A German-American theologian and philosopher by the name of Paul Tillich (1886-1965) explained the difference between solitude and loneliness like this:
Our language has wisely sensed the two sides of being alone. It has created the word loneliness to express the pain of being alone. And it has created the word solitude to express the glory of being alone.
After reading this, I decided that it probably would be a good subject to discuss concerning the previous two texts in the Solitude-series. After I realized that I had basically lost all my friends, I most definitely felt lonely, and that loneliness was in no sense a good one. I dwelled in the situation, mourned what was lost, at my failiours and at my fate. I hated life. I didn't see the point in continue living without my friends, without anyone. My family was there of course, but I simply took them for granted and didn't realize that I never would be lonely as long as I had them. The English biologist and politican John Lubbock (1834-1913) said that:
The whole value of solitude depends upon one's self; it may be a sanctuary or a prison, a haven of repose or a place of punishment, a heaven or a hell, as we ourselves make it.
So I most certainly chose my own hell and for a long time, that's where I lived. But then one day I woke up and realized something (some would call it an insight). I realized that sure, I lost my friends, but it wasn't by my hand. The situation I was in at the time of loosing them forced this to happen. Of course it wasn't what I wanted, but it happened and now I have to deal with it. Then I heard the laughter from downstairs (I was staying at mum's place at the time) and realized that I'm not lonely at all!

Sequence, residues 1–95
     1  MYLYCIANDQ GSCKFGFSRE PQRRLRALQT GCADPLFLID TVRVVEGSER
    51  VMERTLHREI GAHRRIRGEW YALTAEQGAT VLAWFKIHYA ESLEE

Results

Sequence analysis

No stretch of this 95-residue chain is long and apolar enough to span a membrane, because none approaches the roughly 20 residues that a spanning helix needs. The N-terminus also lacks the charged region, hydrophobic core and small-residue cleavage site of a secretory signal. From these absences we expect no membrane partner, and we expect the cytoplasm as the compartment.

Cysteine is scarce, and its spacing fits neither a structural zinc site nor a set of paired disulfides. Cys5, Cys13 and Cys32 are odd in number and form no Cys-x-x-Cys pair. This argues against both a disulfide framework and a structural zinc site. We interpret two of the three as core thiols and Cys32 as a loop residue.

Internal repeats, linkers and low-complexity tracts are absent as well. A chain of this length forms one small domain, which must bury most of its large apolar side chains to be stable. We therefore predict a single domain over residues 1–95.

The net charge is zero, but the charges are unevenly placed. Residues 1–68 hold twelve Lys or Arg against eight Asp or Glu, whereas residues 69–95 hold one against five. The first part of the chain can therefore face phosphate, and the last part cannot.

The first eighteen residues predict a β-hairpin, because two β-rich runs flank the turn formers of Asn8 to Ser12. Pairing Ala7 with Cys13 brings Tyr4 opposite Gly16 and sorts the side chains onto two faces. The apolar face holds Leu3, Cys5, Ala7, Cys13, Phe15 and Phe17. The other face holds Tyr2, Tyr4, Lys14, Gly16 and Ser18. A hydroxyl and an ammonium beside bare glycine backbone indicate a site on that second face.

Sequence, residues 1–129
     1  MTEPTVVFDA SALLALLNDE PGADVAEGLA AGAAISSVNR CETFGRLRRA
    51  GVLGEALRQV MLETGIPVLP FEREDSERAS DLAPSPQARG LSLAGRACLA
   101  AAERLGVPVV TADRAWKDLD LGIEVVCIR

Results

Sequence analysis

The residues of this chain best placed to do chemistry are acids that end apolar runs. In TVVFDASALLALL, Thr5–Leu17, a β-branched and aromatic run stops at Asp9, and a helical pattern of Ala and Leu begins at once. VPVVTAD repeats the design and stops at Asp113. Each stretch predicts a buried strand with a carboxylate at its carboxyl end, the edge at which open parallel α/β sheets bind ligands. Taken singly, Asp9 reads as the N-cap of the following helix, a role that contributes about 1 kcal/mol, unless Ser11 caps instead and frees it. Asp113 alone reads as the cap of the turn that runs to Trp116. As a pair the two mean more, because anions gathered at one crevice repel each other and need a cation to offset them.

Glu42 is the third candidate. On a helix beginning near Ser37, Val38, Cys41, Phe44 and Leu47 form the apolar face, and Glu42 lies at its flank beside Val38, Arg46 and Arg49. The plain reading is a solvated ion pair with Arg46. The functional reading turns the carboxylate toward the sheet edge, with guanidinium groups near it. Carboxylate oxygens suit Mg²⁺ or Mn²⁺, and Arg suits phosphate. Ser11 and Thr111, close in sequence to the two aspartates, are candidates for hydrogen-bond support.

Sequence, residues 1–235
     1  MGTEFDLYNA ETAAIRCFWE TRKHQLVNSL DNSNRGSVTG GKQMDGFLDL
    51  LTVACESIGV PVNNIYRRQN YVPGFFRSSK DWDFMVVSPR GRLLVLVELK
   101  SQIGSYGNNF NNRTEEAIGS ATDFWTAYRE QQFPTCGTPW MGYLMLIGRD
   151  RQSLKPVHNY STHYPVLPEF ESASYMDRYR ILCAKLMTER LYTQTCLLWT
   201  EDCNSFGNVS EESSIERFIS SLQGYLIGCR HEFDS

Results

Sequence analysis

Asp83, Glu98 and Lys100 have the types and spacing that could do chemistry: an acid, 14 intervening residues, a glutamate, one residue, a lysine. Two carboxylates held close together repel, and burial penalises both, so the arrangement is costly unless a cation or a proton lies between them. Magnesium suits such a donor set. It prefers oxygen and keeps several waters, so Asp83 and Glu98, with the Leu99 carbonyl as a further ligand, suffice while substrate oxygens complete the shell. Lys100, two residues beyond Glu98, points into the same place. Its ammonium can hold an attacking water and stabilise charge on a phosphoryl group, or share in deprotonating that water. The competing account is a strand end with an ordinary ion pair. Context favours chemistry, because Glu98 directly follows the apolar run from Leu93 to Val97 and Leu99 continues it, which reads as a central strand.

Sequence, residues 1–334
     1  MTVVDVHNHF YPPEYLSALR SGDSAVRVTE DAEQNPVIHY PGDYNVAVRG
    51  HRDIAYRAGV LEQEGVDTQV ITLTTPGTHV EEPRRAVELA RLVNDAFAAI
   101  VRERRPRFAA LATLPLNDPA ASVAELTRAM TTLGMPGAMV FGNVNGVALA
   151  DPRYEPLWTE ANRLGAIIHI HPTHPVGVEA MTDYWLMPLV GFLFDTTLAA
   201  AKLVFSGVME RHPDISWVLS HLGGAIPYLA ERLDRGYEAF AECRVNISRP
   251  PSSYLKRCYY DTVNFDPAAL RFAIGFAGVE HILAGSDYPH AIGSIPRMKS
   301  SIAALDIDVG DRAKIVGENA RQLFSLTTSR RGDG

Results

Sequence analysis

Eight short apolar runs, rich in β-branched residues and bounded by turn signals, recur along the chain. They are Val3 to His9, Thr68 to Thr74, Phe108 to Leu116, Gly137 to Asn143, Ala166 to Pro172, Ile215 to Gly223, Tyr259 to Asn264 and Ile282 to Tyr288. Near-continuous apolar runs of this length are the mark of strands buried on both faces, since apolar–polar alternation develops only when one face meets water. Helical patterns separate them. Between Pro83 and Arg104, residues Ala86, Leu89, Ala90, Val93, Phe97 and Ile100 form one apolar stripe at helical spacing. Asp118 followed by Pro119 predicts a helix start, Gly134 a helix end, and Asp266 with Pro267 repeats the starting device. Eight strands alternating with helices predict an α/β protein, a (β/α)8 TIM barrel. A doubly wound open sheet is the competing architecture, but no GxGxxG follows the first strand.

In this society, it's considered wierd not to have friends. And sure, I still have a handfull of people I treasure deeply and are honored to call my friends, but they are scattered around the world and I have no possibility to meet them or even talk to them as much as I would like to. But what's most important is that I'm not that lonely after all. I have people to talk to when I'm sad. Most people may go to a friend for advice. I go to my sister. Some people have girls' nights out, I drink beer with my brothers.
I'm not going to lie. I miss having friends, I really do. And I wish that sometimes, just sometimes, I would be invited to one of those girls' nights out, even if I can't come. Being asked to join feels just as important as to actually join. But I also know that new people will enter my life and that some of them will be my friends. The worst you can do is to actually look for them. Better to give it time. The right people always show up when you expect it the least.